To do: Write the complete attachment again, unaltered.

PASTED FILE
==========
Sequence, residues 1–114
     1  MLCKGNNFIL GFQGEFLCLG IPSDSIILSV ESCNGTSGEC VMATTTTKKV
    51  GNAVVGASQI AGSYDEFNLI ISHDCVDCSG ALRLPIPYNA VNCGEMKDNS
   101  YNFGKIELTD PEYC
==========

Sequence, residues 1–114
     1  MLCKGNNFIL GFQGEFLCLG IPSDSIILSV ESCNGTSGEC VMATTTTKKV
    51  GNAVVGASQI AGSYDEFNLI ISHDCVDCSG ALRLPIPYNA VNCGEMKDNS
   101  YNFGKIELTD PEYC